Iran. Eastern Half Including Afghanistan, Baluchistan, and the Uzbek Khanate on the Oxus


This 1878 map depicts Afghanistan as well as a narrow band of eastern Persia and adjoining regions. The cartographer, Heinrich Kiepert (1818−99), was a German geographer, who published several atlases of the ancient world during his career. The title, Iran. Östliche hӓlfte enthaltend Afghanistan, Balutschistan, und die Özbeghischen Khanate am Oxus (Iran. Eastern Half Including Afghanistan, Baluchistan, and the Uzbek Khanate on the Oxus), can perhaps be understood in terms of historic Persian claims over parts of Afghanistan and Baluchistan, dating from the Safavid and Afsharid dynasties of Persia. Given the author’s interest in ancient history, it is also possible that, in choosing his title, he was referring to the history of the ancient world and the Achaemenid Empire of Persia (550−330 BC). Whatever the case, prior to the publication of this map the ruling Qajar dynasty of Persia had ceded its claims to Afghanistan in the Treaty of Paris (1857), concluded with Great Britain after the Anglo-Persian War of 1856−57. Persia also later ceded large parts of the Makran coast (in 1863) and Baluchistan (in 1872) directly to British India. Shading in different colors is used to indicate the Russian and British spheres of influence. The map shows international borders, important cities, mountains, and railroads. The note above the title indicates that “the final section of the great Indian railroad from Peshawar to Rawalpindi is still under construction.” Three distance scales are provided: kilometers, English statute miles, and German geographic miles. Kiepert was a professor of geography at Humboldt University in Berlin from 1854 until his death.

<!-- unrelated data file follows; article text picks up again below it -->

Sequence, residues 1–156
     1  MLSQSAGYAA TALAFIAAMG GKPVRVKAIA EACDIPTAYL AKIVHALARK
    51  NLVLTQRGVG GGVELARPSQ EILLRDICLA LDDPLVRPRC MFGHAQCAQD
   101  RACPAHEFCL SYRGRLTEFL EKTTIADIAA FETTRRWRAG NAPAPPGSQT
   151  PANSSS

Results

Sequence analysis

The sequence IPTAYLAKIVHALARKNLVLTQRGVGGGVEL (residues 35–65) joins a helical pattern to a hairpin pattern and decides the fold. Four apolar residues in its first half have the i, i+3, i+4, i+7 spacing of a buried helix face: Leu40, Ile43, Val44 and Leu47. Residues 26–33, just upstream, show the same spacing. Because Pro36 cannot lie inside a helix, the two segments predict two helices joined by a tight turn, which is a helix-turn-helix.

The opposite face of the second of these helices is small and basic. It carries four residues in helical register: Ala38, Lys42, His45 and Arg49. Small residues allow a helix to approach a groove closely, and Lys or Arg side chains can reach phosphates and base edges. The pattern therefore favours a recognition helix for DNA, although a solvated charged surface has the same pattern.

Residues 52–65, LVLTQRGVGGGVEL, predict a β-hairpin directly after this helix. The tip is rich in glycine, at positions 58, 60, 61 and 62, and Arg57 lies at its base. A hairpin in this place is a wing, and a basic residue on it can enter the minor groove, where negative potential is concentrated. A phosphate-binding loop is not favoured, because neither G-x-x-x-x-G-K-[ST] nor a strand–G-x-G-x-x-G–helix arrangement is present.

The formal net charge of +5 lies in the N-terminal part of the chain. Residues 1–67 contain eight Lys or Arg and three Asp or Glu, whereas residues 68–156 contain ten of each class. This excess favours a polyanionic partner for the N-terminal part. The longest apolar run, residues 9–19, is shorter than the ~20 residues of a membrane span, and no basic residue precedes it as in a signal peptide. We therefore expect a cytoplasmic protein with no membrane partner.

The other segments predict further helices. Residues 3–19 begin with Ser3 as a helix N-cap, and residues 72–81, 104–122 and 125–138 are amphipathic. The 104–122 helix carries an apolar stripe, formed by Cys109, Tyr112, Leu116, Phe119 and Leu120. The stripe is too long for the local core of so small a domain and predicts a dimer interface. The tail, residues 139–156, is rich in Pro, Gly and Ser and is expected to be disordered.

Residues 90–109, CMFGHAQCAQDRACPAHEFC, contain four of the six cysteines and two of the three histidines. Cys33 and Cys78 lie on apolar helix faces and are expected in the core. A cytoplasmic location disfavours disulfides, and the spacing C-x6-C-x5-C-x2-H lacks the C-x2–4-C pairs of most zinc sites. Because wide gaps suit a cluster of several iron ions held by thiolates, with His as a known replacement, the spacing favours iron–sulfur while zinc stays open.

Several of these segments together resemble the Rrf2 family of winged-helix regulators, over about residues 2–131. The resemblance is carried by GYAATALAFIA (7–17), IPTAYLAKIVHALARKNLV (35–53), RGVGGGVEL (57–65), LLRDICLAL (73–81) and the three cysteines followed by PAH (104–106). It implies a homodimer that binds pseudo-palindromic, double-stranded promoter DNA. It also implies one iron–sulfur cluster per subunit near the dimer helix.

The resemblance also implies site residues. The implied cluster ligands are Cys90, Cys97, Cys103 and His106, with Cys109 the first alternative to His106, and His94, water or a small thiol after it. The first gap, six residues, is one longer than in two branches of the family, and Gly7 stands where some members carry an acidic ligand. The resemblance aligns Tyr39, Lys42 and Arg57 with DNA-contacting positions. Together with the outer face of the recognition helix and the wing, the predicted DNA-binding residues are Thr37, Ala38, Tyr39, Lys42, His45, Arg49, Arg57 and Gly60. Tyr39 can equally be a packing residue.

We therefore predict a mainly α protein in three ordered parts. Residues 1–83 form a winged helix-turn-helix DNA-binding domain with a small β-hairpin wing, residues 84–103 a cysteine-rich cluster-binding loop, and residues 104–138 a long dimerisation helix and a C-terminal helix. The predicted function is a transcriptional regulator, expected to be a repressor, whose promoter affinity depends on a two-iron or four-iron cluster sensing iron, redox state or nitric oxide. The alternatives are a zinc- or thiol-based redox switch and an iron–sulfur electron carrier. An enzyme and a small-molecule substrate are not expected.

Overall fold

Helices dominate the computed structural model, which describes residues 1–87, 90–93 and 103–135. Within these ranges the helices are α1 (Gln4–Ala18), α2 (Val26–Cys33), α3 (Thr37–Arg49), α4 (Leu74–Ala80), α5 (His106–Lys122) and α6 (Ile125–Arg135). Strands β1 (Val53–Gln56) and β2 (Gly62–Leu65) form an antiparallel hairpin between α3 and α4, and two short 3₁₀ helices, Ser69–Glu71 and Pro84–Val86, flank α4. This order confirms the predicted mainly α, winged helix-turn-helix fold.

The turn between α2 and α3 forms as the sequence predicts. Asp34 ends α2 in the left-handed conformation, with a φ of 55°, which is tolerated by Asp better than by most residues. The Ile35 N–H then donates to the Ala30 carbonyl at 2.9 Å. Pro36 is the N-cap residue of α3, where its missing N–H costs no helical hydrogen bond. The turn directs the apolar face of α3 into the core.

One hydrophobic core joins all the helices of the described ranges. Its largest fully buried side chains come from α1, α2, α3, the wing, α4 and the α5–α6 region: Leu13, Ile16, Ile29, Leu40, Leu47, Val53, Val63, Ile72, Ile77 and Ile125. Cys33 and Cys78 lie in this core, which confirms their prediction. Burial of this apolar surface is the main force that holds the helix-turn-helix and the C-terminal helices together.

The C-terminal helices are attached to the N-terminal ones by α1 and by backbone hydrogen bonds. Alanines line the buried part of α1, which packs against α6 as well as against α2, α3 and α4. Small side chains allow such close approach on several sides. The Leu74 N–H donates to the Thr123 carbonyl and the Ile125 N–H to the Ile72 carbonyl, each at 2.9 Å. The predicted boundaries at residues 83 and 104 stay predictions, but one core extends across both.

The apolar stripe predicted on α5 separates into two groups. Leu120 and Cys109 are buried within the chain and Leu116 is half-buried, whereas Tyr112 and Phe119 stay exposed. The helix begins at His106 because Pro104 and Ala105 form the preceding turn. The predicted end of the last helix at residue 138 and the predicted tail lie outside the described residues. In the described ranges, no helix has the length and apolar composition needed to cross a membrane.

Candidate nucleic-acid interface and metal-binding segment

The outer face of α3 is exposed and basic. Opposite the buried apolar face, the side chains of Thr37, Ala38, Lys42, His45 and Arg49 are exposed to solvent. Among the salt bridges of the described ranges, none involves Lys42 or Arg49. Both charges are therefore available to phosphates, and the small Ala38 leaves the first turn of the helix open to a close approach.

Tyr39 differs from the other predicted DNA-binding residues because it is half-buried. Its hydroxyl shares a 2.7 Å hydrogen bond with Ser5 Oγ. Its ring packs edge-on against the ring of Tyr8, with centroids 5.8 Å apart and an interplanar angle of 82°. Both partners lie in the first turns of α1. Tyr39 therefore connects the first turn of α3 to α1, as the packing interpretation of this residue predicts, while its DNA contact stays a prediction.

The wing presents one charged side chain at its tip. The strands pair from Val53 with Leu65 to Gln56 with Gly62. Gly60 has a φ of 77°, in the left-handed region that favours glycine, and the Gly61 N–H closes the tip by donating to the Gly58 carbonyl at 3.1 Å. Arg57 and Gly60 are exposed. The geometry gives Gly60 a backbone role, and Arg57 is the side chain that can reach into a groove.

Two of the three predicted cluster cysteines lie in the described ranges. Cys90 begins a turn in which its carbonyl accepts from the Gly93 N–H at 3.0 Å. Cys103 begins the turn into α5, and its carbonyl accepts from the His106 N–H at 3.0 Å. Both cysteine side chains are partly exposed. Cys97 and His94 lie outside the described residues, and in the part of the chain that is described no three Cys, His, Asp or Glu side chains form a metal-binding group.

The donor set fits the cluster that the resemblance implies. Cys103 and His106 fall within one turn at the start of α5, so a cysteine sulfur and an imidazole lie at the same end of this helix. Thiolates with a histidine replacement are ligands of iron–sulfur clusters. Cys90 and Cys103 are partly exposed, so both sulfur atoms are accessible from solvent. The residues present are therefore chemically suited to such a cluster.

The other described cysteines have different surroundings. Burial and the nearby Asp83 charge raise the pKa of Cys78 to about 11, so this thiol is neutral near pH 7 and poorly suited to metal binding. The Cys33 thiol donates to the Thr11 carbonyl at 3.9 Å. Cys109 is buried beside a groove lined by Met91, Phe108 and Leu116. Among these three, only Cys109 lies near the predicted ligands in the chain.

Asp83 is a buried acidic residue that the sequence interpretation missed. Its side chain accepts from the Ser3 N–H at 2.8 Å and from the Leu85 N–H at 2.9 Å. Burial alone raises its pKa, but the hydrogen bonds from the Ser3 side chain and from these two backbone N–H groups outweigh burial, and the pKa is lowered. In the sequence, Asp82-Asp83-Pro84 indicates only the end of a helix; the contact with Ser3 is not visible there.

Last updated: January 8, 2018